When Just Enough Is Enough To Be Fired

How do you handle an IT professional who under-performs in one critical area, but who’s strong in everything else?


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Posted November 18, 2007

Eric Spiegel

Eric Spiegel

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Tick, tick, tick. I found myself watching the clock every morning. I was waiting. And waiting. And still waiting. I was becoming more impatient by the minute. 9:05 am, 9:10 am, 9:15 am and then finally – Susan walked down the hall in front of my office.

Was I being an overzealous, micromanager? In this case, I don’t believe that was the issue. Turns out Susan (name changed to protect the tardy) came in between 9 and 9:30 am every day for work. The problem is that core hours were from 9 am to 4:30 pm, and this was established in the employee handbook that every new employee received at orientation.

And the problem in Susan’s case wasn’t that she just didn’t read the handbook. I had multiple review meetings with her explaining that she was expected to be in the office during core hours. Some people worked 7 am until 3:30 pm (I wonder if they really arrived at 7am every day?…sorry, I digress). Others work from 9 am until 5:30 pm. All we asked is that they be there during core hours unless excused by their manager. And for lunch, of course.

Timeliness was even more critical for our team because we were responsible for customer support. If the phone rang at 9 am, per our SLA, someone had to answer or return the call within 15 minutes.

What was Susan’s reaction to me pressing her on this issue?

“I’m a night owl”


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Well, my initial response was to ask her to do her best to be in on time. Obviously, her best wasn’t good enough because she consistently came in after 9 am. Now note, she was not late in the extreme sense. It was maybe 5 minutes or 15 minutes. But she was late in the consistent sense. Day after day. Week after week.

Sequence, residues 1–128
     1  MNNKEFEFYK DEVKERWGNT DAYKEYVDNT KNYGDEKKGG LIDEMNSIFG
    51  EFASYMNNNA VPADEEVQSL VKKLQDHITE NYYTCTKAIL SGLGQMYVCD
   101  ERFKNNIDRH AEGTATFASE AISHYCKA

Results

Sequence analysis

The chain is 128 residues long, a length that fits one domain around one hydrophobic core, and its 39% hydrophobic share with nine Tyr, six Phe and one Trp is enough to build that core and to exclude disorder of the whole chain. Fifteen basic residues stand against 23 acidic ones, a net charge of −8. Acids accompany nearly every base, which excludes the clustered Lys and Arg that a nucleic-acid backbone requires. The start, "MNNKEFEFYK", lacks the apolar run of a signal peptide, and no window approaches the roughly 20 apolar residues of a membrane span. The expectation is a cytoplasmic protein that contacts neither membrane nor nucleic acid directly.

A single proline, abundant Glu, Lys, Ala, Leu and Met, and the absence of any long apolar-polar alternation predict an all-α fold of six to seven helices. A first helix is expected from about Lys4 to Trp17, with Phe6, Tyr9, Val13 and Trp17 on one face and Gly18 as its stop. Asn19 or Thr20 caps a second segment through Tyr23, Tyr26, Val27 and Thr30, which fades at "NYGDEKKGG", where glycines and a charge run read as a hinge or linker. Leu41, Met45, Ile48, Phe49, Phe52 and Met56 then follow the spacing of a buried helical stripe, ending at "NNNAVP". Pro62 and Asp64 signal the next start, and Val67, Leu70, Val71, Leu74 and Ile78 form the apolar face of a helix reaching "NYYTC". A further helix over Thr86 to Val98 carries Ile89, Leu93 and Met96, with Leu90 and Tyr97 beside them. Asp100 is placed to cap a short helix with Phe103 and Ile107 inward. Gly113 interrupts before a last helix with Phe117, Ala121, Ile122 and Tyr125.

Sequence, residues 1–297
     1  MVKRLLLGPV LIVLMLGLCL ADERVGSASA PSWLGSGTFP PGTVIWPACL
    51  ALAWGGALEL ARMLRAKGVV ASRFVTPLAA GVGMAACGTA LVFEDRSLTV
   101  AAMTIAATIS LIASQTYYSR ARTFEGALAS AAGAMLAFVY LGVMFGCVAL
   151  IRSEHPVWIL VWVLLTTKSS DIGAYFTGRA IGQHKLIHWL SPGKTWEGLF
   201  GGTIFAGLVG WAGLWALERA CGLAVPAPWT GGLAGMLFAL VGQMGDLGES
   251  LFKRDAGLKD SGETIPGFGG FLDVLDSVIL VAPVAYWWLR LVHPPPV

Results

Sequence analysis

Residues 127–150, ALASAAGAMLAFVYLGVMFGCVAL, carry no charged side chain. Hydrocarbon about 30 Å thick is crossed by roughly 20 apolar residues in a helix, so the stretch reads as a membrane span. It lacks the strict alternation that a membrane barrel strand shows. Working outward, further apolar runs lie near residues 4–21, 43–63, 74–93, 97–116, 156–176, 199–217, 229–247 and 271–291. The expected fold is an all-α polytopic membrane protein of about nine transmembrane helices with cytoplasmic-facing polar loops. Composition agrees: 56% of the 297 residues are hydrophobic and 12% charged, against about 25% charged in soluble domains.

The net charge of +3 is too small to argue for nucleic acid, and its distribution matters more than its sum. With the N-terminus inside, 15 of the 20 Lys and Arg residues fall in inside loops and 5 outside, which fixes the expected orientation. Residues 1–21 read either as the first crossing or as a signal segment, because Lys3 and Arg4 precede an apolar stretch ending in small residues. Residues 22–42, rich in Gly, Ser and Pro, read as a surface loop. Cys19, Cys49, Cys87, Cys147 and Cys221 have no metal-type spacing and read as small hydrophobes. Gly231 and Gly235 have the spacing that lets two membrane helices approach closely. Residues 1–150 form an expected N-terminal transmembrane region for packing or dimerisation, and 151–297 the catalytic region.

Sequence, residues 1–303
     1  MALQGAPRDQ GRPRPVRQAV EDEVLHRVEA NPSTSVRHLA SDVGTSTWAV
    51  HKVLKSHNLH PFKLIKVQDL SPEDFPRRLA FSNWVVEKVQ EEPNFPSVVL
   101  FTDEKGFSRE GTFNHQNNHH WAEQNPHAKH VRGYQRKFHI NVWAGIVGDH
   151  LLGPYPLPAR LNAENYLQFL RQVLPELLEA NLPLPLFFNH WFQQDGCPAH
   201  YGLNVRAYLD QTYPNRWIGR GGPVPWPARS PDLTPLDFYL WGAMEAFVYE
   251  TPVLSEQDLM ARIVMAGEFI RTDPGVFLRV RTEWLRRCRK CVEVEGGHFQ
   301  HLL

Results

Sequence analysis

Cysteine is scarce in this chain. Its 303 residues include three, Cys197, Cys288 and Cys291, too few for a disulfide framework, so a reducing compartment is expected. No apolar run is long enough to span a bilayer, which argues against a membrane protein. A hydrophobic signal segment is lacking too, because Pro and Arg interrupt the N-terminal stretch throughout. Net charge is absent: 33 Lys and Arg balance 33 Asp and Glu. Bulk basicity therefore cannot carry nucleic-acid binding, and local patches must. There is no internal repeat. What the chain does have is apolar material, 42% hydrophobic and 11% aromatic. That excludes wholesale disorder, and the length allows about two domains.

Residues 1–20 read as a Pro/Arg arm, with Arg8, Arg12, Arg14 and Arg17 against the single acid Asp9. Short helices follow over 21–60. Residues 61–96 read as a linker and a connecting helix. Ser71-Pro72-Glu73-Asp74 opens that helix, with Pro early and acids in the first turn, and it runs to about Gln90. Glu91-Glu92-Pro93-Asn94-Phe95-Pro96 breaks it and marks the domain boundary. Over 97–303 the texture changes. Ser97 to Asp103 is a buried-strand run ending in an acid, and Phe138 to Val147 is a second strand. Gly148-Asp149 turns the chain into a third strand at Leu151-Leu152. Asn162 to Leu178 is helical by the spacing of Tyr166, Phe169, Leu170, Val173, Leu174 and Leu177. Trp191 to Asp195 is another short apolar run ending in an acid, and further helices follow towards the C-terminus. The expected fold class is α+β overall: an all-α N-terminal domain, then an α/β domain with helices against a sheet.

At my third discussion with her, I laid down the law. If she continued to be “tardy” (for some reason I don’t like that word, but if the shoe fits…) her annual review would reflect under-performance in accountability, which would impact her raise and bonus amount.

Susan took umbrage at this and defensively stated “Please explain how my accountability can be in question if I excel at my job when I’m in the office.”


Ok, her point wasn’t too hard to respond to. I said “Are you really excelling at your job if a support call comes in and you aren’t at your desk to answer it? Is it fair to the rest of the team who is in the office during core hours and they have to cover for you?”

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She thought about it for a half a second and said “No one on the team has complained and they all like working with me because I go out of my way to help them. They’ll cover for me if I’m a tad late. And besides, I usually work more than eight hours”

Hmmm, again.

This point was a harder one to respond to. No one had complained, and it was true that no calls were ever missed because someone always covered when Susan was on first line support any day she was late. It was as if the team had accepted her lateness quirk because she did excel at her job, with her superior customer interaction skills and knowledge of our products. So was this really a big deal after all?

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Tags: IT management, IT Jobs/Salary, IT salary, tech job, dismiss IT worker

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